So often I get caught up in the 'whats next' phenomenon you referred to that I forget to enjoy the moment. I take 15 credits, work 30 hours, and hold leadership positions in two important organizations… and I seem to think that the daily grind is all that matters. Your speech totally put things into perspective for me, so I just wanted to say thank you.
- Kelsey, Slippery Rock Univ.
- The Real Story: What's Behind Our Perfect Profiles
- Inspire, not Require
The Real Story: What's Behind our Perfect Profiles
When Jess first started her company, Headbands of Hope, as a college student, she had a rough start. She wired $10k (of all the money she had) and a loan from her dad, to a manufacturer for her first round of production. After the money was wired, she never heard from them again and the money disappeared. She thought about giving up, but realized she believed in the business too much to let it go before it began. She brushed herself off, got a $300 grant from her university, and created a million- dollar company that has impacted hundreds of thousands of kids with cancer. Jess was discouraged in the beginning when she saw other people’s success stories on social media or in articles. She thought, ‘why is it so easy for them and so hard for me?’ She didn’t understand why she was running into so many hurdles and didn’t feel like anyone else was until her mom forwarded an article from the founder of Airbnb. He leaked five investor rejection emails who passed on the opportunity to get in early on Airbnb. The emails showed rejection after rejection, stating the potential market opportunity isn’t big enough or they just flat out weren’t interested. Airbnb is now a $31 billion-dollar company. The article showed Jess that it wasn’t just an ‘aha’ moment that exploded overnight into a household name (which is how a lot of people paint their story). In fact, each failure made her stronger. When people are honest and disclose the real story about their start before their success, it humanizes the hustle. You don’t have to graduate from a top school or have years of high-level experience to do great things. You can make mistakes (big ones, too) and still make it. But when we pretend it’s smooth sailing or blame our success to luck or being in the right place at the right time, it paints a false picture that can make people turn around at the first sign of adversity. This keynote will tell an honest tale of Jess and others who went for their dreams, whether that’s starting a business, getting your dream job, running a race, or becoming the school mascot. Students will learn to humanize the success by honoring the struggle.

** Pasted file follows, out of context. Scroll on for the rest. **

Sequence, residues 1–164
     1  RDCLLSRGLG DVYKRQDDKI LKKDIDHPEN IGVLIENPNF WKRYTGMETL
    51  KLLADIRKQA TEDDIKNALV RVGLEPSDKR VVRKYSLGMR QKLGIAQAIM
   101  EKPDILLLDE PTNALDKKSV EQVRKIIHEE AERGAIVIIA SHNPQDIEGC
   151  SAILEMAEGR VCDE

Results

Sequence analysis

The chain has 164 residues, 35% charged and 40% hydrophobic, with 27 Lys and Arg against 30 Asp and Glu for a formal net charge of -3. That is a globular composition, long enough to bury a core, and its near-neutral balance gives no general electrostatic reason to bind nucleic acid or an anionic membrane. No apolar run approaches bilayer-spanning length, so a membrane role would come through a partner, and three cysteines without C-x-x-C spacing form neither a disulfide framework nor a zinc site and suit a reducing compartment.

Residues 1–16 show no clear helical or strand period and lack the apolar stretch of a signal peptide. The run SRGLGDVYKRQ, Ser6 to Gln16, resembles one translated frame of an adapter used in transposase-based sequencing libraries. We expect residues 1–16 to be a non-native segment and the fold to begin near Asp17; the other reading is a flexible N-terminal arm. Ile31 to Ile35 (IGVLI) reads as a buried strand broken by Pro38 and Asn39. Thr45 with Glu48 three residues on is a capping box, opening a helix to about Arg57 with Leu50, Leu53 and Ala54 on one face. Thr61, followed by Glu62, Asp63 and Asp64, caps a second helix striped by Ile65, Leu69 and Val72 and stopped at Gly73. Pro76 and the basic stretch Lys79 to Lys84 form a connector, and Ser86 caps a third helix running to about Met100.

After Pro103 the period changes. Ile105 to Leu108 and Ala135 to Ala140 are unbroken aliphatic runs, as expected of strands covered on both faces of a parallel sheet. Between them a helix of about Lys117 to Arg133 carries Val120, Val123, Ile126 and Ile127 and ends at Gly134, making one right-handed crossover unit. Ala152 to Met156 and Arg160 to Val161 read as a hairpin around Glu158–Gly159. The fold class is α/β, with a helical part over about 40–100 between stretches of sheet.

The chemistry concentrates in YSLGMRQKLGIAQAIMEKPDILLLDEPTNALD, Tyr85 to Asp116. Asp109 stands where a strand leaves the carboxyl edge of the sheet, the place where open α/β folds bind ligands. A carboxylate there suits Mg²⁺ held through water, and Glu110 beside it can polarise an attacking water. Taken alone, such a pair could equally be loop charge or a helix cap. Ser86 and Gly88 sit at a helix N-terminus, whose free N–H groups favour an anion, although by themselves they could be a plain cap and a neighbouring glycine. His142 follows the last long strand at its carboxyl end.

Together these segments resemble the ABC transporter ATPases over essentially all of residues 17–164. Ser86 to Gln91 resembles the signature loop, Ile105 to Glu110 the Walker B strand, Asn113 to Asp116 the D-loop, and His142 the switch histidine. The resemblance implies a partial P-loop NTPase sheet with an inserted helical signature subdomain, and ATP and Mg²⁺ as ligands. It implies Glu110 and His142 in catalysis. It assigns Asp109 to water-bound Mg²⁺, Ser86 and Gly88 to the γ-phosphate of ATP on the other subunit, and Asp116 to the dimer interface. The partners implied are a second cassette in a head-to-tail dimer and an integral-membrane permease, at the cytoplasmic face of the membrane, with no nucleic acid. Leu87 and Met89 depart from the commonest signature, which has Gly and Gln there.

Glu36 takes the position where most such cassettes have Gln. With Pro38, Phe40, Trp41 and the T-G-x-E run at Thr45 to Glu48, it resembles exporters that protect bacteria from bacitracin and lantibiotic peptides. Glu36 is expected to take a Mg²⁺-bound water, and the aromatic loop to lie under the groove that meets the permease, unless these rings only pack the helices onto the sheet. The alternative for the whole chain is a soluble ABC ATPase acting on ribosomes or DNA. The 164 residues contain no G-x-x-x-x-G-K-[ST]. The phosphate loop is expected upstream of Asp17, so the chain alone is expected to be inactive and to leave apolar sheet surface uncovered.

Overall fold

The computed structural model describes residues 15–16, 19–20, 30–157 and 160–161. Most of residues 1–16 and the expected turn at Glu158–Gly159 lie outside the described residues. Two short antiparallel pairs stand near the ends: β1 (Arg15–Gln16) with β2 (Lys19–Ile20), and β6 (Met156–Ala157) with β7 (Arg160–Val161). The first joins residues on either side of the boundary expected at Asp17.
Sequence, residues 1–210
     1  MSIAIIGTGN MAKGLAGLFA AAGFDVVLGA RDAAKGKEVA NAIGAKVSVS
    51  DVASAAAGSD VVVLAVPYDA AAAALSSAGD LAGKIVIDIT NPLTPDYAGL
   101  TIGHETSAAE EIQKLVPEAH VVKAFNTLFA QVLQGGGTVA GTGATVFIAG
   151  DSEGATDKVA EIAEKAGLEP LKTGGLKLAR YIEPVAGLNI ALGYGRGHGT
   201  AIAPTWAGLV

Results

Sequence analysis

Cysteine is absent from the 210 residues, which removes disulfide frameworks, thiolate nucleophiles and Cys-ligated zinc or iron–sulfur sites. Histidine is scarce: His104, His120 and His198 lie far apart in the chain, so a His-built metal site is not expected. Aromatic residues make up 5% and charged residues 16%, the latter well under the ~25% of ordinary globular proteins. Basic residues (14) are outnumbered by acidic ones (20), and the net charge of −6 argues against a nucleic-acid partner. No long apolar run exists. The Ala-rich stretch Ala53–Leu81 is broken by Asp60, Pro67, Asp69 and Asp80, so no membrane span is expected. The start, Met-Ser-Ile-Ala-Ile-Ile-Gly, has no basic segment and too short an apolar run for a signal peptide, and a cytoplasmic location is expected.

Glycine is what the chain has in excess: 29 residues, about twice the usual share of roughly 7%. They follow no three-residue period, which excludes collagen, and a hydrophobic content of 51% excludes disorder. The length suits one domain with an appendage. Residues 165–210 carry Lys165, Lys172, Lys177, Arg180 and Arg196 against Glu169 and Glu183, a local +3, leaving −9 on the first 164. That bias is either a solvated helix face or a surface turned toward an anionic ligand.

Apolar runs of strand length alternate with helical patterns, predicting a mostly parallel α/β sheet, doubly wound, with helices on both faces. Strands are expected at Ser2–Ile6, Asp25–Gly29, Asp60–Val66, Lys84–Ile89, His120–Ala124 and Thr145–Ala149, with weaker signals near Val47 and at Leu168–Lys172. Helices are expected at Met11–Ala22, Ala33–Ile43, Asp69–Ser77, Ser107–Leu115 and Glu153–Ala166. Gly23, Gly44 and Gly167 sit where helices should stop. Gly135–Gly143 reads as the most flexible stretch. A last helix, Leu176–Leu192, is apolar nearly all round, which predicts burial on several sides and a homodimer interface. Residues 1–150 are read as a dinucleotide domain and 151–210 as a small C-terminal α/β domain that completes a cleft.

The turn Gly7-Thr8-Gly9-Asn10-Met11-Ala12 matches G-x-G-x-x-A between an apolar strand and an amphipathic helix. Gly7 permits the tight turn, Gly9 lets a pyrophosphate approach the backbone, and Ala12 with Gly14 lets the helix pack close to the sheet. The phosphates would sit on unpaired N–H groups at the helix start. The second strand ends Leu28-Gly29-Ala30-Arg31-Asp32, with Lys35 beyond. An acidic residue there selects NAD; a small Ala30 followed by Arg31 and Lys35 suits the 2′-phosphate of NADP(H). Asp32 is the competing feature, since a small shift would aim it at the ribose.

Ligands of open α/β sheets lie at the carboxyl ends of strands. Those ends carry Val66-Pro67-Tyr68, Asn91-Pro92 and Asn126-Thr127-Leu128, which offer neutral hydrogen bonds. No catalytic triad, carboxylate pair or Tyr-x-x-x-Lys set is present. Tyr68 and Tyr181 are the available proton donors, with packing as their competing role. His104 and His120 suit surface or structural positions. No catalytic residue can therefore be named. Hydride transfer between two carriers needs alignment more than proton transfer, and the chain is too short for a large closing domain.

- that every expert they know was once a beginner,
- how failures are not opposite of success, they’re part of the success,
- that in order to be resilient, you have to believe in the end result.
Inspire, Not Require
Has community service become a requirement? Something we have to do to please those evaluating us? From college applications to campus awards, so many students are engaging in service projects within their organizations. But, are they really making the connection to the good work they are doing?
In this keynote, Jess Ekstrom encourages student leaders to “redefine philanthropy” from a requirement to a lifestyle. “We’re so worried about crossing philanthropy and service requirements off our list that we forget the purpose behind it. We forget to feel the passion.”
Jess uses examples from her own development as a student leader and philanthropic professional. As founder of Headbands of Hope, she has learned the amazing power of service – changing thousands of children’s lives. She understands that service often means doing grunt work, but she knows how a connection to those who are served makes all of it extremely worthwhile.
If students at your campus need to make a stronger connection between their service activities and the ethics of service, this program will open their eyes and hearts. If you are planning a large campus service event (dance marathon, Relay for Life, etc.), Jess will get your coordinators better equipped to communicate the crucial messages to other students.
· Treat philanthropy as a lifestyle, not a requirement
· How to inspire your peers to take action instead of forcing them
· Don’t stop at awareness of social issues, focus on action
For bookings, contact here.